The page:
Thank you for your question! I?ve sifted through the latest data on
synthetic HRT vs. NHRT, and if I can help to enlighten you even a
little bit, my work here is done. :)
As you mentioned, the widely used traditional HRT, increasingly
labelled simply ?HT,? uses synthetic estrogen, progesterone and
testosterone derived from horses, specifically the urine of pregnant
mares. It can have a number of unpleasant side effects, including
vaginal discharge and bleeding, depression, headaches, gallbladder
disease, nausea, fluid retention, swollen breasts, and more
frighteningly, increased breast and ovarian cancer risk.
It?s no wonder, then, that Natural Hormone Replacement Therapy, or
NHRT, is getting more attention these days. As you may already know,
despite the implications of the word, ?Natural? HRT is not the blend
of herbs and spices the label evokes. The ?natural? in Natural HRT
means that the hormones used in treatment are chemically identical to
those found in the human body. Derived from yams (progesterone) and
soybeans (estrogen and testosterone) rather than animal sources, these
?bio-identical? hormones share exactly the same chemical structure as
human hormones, much like a generic drug is a perfect clone of the
brand name. Synthetic HRT, by contrast, is only chemically *similar*
to human hormones.
Women?s Health America, in ?Let?s end the confusion about HRT,?
explains why this is a problem:
?Because they are not identical, synthetic hormones cannot be counted
on to act in the same way human hormones do. They may or may not
produce the PMS and menopause symptom control women desire. As these
studies show, they may also produce potentially dangerous side effects
such as an increased risk of heart attack, blood clots, stroke, and
< http://www.womenshealth.com/library/hrt_conf.html >
By contrast, the ?chemical equality? of natural hormones is one of
HRT's biggest attractions. On her ?Natural Hormone Replacement? site,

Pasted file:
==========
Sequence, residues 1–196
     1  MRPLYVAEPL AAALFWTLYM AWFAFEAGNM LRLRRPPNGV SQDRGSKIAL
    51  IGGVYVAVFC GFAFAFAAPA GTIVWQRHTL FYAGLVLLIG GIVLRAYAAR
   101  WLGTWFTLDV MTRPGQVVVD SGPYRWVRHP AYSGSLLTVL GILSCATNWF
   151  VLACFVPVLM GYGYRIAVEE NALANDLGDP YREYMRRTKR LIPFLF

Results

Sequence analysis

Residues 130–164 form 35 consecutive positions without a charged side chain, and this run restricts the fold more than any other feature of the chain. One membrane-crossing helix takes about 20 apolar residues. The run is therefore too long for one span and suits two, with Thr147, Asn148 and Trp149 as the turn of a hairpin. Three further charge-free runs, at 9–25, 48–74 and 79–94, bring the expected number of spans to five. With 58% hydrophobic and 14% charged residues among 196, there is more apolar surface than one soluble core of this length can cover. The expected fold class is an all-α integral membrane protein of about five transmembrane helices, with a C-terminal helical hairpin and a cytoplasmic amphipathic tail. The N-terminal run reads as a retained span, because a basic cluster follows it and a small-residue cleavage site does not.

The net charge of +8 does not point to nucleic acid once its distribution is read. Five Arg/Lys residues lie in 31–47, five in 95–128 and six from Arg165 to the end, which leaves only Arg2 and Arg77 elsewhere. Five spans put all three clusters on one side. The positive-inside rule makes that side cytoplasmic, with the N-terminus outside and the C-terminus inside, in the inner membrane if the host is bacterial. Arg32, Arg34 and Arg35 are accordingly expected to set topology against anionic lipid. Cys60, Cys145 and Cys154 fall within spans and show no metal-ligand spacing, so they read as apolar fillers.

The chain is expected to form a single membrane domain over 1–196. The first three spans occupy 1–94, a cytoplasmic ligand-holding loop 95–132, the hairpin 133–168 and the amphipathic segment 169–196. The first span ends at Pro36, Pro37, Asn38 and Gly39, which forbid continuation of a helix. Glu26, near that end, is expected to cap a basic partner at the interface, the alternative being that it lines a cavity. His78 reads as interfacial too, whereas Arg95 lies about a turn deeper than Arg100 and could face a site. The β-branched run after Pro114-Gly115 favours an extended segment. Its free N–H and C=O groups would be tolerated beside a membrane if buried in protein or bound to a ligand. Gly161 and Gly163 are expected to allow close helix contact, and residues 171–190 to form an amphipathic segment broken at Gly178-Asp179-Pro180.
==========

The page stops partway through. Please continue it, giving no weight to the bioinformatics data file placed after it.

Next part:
Jeannah McElroy explains her feelings on the subject (I had to slice
and dice the run-on sentence a bit, but kept the point intact :):
?Even [if] all your symptoms might not be resolved right away, the
fact that you are using a hormone compound that is an exact molecular
match to what your body *made* [makes it] much more effective [with]
less, if any negative side effects because the body doesn't have all
these foreign compounds to try and assimilate, [which], to me, makes
it worth it.? <
Proponents of traditional HRT often argue that its
osteoporosis-fighting properties outweigh its drawbacks. Other
research indicates that conventional HRT may be effective against
Alzheimer?s disease, high cholesterol, colon and endometrial cancers,
and macular degeneration. However, should these claims prove true,
they would be true of all HT, synthetic or natural. This begs the
question ? why pick the one with the side effects? The following, from
?The Risk of Hormone Replacement Therapy? by the Physicians Committee
for Responsible Medicine, discusses the effectiveness of natural
progesterone in protecting against osteoporosis:
?When osteoporosis has developed, a different hormone, called natural
progesterone, has demonstrated the ability to actually encourage new
bone growth. Unlike estrogens, which simply slow bone loss,
progesterone actually increases bone density. It is derived from yams
or soybeans, has no significant side effects, and is sold without a
prescription as a transdermal cream.?
Dr. John R. Lee, author of What Your Doctor May Not Tell You About